Van Jones Wants You To Eat This Bread

The CNN commentator is the only person who made sense of the election. Now, he tells GOOD why you should trust him about prison reform

Ronnie Elrod is certain the second time’s the charm.

After serving 18 months in prison in 1986, Elrod thought he learned his lesson. But six years after his release, Elrod found himself in a familiar place: out of work and unable to find a job.

“Yet again,” he says, “I made some poor choices in life, made some mistakes as a result of those choices, and eventually ended up in trouble with the law.”

Those mistakes lead to a second, much longer stint in prison for a drug-related offense. Elrod would end up serving 15 years away from his family, friends, and the whole of society. After his release in 2010, Elrod knew he’d had enough. “The first time I thought I learned my lesson. The second time I knew I’d learned my lesson.”

Two weeks later, Elrod found himself at the door of one of the few companies willing to give him another shot. Inside Dave’s Killer Bread, a bakery outside of Portland, Oregon, Elrod runs every aspect of production—from placing product orders to overseeing staff—as the company’s director of manufacturing. He’s coming up on his seventh anniversary with the company in January 2017.

Elrod is a rare success story. More than 70 million Americans have a criminal record. For most, that record means having to check off a tiny box at the bottom of each and every job application stating that yes, at some point in his or her life, they fucked up. Moreover, the re-entry community is growing, causing even more competition for the few-and-far-between employers willing to look past that check. Of the more than 700,000 people released from U.S. prisons each year, between 60 and 75 percent are jobless up to a year after release, according to the National Institute of Justice.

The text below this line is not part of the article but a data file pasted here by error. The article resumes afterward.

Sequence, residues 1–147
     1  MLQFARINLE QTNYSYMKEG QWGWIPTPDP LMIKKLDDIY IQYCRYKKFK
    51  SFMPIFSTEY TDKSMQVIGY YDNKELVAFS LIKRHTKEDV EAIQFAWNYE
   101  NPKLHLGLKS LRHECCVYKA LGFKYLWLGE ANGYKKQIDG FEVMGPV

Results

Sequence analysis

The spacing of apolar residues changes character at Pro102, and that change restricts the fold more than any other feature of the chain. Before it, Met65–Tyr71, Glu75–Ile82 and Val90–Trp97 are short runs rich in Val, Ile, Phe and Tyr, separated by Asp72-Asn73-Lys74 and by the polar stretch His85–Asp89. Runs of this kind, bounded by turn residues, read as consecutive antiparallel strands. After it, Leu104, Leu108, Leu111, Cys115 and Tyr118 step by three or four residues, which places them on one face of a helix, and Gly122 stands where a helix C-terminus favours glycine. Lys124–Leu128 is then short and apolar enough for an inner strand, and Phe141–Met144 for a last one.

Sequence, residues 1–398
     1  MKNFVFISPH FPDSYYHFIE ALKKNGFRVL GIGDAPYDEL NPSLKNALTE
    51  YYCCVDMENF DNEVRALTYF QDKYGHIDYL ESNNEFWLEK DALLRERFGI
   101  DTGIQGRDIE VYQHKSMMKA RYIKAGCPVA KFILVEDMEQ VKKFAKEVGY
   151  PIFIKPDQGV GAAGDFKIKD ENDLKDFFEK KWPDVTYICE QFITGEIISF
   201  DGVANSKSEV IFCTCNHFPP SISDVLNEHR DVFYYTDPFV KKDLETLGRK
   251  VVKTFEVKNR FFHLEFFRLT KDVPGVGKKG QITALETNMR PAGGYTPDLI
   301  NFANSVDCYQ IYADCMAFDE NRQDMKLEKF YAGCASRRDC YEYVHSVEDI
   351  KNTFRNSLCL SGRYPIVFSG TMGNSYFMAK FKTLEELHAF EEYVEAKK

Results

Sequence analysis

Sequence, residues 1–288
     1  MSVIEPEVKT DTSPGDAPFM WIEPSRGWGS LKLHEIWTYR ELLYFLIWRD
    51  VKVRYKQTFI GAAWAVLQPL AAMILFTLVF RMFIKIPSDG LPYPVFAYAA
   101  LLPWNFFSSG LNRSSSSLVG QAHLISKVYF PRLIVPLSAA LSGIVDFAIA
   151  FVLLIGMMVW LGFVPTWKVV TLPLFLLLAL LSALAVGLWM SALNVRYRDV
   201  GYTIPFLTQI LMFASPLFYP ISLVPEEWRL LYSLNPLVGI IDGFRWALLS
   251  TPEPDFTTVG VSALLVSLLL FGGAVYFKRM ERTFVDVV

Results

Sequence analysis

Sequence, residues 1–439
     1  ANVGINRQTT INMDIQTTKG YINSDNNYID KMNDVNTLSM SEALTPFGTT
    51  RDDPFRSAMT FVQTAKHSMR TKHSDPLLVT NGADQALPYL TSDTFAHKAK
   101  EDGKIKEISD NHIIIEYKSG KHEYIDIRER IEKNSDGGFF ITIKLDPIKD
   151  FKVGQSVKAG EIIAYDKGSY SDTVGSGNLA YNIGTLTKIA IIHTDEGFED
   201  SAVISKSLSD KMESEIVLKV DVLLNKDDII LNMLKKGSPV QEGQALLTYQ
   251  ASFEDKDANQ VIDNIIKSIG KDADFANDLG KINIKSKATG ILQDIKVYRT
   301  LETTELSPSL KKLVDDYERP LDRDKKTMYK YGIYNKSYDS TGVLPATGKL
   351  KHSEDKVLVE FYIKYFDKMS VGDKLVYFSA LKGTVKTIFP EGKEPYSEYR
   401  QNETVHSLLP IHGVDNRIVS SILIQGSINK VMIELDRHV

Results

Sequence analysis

“Perception is the biggest issue,” says Genevieve Martin, the executive director of Dave's Killer Bread Foundation. “This is not a troubled workforce. These are people that are going to be more loyal than Joe you hire off the street, because they know they have fewer opportunities.”

To help change hearts and minds of business owners everywhere, Martin, with support from Dave’s Killer Bread, founded the Second Chance Summit, a meeting of the minds for employers looking to help enhance the lives of the second-chance workforce. Not too surprisingly, Martin says, the first summit had a mere five employers show up. “My theory was that there weren’t enough people championing employment,” she says. Luckily for her, and the entire re-entry community, a new influential voice has entered the conversation.

“When I first started working on this issue, it was very difficult to get anybody to take me or my organization seriously,” Van Jones, CNN commentator, author, attorney, and social-movement maker says.

Jones is also the co-founder of #Cut50, an organization aiming to cut the American prison population by 50 percent over the next decade. He’s confident education and employment are two major keys to making that a reality.

“We’re now at a tipping point where, despite maybe some headwinds as you might expect out of the new administration, the vast majority now, in both parties, are open to reform,” he says, adding, “it’s been really incredible to see a bipartisan consensus emerge that we are locking up too many people for too long, wasting money, and wasting genius. And that there must be a better way.”

Part of that better way, Jones says, is changing the way we think about about the prison population.